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22 May 2019updated 04 Sep 2021 5:00pm

Cass Sunstein and the rise and fall of nudge theory

By Hettie O'Brien

In February 2010, a few months before he became prime minister, David Cameron delivered a Ted talk in California titled “The Next Age of Government”. Appearing youthful in an open-collar shirt, he assured his audience that only one question should preoccupy modern politicians: how to make things better “without spending more money”.

In a new era of austerity, the Conservative leader had an answer: forging a “big society” by harnessing the insights of behavioural economics. Flicking to a slide showing five accomplished male academics and a large illustration of the human brain, he proudly told the audience: “We’re working with… these people.”

Two of them were Cass Sunstein and Richard Thaler, the American authors of the influential book Nudge. Soon after its 2008 publication, the title became ubiquitous among Westminster policy wonks. Its central idea was that making small changes to the environment in which citizens take decisions – such as placing healthy food close to supermarket checkouts – could incentivise better behaviour. In the aftermath of the financial crisis, Nudge offered fiscally constrained governments a benign cattle-prod to herd citizens into acting in their own best interests.

Did it work? More than a decade after Nudge’s publication, Sunstein mounts a defence of his original thesis in two new books: On Freedom, a short work that echoes John Stuart Mill, and Trusting Nudges: Toward a Bill of Rights for Nudging, co-authored with the German behavioural economist Lucia Reisch. When we meet in London, Sunstein, 64, is about to deliver a lecture at the London School of Economics. He’s softly spoken but easily enthused and is keen to affirm the enduring relevance of his ideas.

Sunstein cites automatic enrolment as one of the defining achievements of nudge theory. Rather than parents having to sign up, school children automatically receive free school meals – and employees contribute to pension schemes. “In a bad year,” he says, “nine million children are enrolled in that [free meals] programme” in the US. Such seemingly obvious reforms, he adds, address “serious poverty problems”.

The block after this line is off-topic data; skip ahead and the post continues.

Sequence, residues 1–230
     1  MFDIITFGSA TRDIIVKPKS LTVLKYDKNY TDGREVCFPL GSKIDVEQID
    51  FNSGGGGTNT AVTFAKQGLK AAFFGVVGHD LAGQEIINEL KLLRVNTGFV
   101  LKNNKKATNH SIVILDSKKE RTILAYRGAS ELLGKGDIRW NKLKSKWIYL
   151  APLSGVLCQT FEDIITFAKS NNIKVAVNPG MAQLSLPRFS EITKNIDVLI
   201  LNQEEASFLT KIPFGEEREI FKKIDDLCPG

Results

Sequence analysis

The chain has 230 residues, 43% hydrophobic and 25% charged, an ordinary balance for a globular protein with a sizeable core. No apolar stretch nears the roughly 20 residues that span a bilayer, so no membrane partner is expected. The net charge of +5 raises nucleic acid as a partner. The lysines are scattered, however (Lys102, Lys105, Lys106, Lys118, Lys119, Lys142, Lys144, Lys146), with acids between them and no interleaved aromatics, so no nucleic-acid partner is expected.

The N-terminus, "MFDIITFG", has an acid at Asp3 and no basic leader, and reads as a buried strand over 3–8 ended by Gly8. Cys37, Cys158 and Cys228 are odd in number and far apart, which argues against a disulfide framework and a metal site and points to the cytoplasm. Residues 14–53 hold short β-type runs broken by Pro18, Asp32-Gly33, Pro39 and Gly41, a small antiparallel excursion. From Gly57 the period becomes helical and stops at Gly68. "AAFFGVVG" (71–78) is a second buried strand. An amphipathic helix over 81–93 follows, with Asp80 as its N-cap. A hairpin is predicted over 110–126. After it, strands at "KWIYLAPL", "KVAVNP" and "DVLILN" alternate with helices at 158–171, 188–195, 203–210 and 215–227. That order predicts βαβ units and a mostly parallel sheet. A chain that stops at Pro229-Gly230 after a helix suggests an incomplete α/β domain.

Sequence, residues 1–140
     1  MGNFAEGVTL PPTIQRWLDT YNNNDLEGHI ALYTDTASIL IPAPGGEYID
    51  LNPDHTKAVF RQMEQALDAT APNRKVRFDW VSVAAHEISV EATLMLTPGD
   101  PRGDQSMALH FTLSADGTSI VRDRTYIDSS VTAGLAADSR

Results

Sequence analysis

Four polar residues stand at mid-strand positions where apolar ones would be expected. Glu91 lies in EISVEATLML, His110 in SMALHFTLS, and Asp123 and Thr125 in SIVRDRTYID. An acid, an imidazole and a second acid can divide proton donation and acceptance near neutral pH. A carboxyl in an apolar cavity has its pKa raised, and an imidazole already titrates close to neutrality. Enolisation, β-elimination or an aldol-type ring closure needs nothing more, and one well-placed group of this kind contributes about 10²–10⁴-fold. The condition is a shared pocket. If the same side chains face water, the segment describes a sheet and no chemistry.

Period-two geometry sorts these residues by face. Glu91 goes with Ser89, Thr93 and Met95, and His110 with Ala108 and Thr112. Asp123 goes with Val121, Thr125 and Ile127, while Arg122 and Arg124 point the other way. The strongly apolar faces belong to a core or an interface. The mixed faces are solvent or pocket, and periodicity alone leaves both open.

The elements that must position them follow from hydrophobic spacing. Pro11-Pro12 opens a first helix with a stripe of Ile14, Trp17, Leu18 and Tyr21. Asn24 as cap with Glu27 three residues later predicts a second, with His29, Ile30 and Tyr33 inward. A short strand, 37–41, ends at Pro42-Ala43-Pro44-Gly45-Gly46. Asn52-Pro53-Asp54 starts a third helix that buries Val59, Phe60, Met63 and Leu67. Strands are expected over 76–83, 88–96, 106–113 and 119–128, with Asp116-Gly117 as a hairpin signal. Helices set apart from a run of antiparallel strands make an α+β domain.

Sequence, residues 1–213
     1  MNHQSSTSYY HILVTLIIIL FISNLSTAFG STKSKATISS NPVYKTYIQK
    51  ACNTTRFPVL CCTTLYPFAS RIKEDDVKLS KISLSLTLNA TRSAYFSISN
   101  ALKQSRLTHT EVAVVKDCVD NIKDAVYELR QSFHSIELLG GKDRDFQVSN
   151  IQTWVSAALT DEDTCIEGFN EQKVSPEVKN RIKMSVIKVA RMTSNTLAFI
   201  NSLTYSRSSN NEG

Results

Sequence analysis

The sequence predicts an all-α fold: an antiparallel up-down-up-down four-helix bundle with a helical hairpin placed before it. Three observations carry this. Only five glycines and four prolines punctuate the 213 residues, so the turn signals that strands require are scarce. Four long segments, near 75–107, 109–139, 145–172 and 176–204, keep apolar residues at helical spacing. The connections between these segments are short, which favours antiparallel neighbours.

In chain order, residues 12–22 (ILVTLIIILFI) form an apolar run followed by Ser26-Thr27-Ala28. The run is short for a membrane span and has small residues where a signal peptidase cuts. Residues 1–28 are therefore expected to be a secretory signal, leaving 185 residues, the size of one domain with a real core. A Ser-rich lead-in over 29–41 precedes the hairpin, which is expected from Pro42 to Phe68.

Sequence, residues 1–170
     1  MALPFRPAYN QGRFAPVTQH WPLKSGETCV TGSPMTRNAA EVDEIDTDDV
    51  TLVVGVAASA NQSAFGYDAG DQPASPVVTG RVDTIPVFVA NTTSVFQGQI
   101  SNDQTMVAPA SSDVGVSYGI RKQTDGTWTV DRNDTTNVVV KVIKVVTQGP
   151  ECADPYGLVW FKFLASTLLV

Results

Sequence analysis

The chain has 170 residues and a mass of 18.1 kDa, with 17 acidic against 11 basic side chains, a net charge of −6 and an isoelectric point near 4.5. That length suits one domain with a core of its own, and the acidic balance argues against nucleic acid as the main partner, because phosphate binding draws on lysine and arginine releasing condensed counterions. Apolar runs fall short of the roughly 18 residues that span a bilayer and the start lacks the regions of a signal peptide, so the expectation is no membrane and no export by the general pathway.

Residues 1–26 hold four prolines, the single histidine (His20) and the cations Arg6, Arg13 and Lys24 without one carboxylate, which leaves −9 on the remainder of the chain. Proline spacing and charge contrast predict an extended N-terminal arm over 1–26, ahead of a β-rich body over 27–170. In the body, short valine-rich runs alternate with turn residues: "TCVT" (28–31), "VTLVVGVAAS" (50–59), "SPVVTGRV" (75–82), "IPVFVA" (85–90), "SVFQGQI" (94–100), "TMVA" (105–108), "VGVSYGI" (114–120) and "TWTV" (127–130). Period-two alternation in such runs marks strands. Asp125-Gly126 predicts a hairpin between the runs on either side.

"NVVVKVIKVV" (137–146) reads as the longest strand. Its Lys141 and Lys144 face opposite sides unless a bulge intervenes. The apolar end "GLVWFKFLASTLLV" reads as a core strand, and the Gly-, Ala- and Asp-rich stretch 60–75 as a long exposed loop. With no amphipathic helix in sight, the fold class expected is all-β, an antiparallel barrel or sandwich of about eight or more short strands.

Sunstein, a law professor at Harvard, first encountered Thaler (who was awarded the 2017 Nobel Prize in economics) when he read the economist’s paper Toward a Positive Theory of Consumer Choice; Thaler had mentally titled it “Stupid Shit That People Do”. The paper helped transform the standing of behavioural economics, a field that combines economics with psychology to demonstrate how cognitive biases influence decision-making. The pair began chipping away at the classical economic notion that humans always act rationally to maximise their own ends.

Occupying the terrain between free-market economics and statist interventionism, Nudge seemed to offer liberals a political panacea. Following his election, Barack Obama made Sunstein administrator of the Office of Information and Regulatory Affairs at the White House. Cameron, similarly enamoured with his philosophy of “libertarian paternalism”, founded the Behavioural Insights Team to put nudging into practice. It is now an independent “social purpose company”, with revenues of £14m in 2017.

Critics of nudge theory are less concerned with its outcomes than its underlying ideological assumptions. But Sunstein believes such foes have neglected the concept of “navigability”. It’s a clunky word and, by way of illumination, he cites the example of a GPS device: a tool that “respects people’s ends” and does not “quarrel with their judgement about their preferred destination”. Much like nudge theory, a GPS device navigates the surface without examining the depths beneath.

Rather than confronting the economic structures that create profound inequalities, nudges are designed to encourage people to cope with their material circumstances. Citing Obama’s Affordable Care Act, which made use of behavioural incentives as well as more radical measures, Sunstein insists that nudges can form part of a transformative programme. Yet in the context of austerity, nudges have too often been a substitute for, rather than a complement to, ambitious intervention.

In 2013-14, for example, Cameron’s Behavioural Insights Team launched an experiment by sending 11,000 letters to poor students who were less inclined to apply to prestigious universities. The letter pointed out that such institutions frequently offer more generous financial aid. Though well-intentioned, it located ultimate responsibility in the individual, without confronting the conditions that create aspirational inequality or the burden of student debt.

The 2008 crisis that formed the conditions for the rise of nudge may also contain the seeds of its irrelevance. In the US and UK, where banks received exorbitant bailouts, citizens are increasingly dismissive of the notion that governments are unable to fund adequate public spending. Unscarred by memories of 1970s “stagflation”, a younger generation is turning to politicians who promise radical state intervention.

“Many people in the US are embracing socialism,” Sunstein observes. “It’s really a way of stamping one’s feet and saying, ‘Things aren’t right…’ It’s admirable.” What of socialist policies? “Most conceptions of socialism I despise,” he replies candidly. But in a new era of discontent, politicians of left and right alike are turning away from nudging – and towards the smack of firm government.

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This article appears in the 22 May 2019 issue of the New Statesman, The Brexit earthquake

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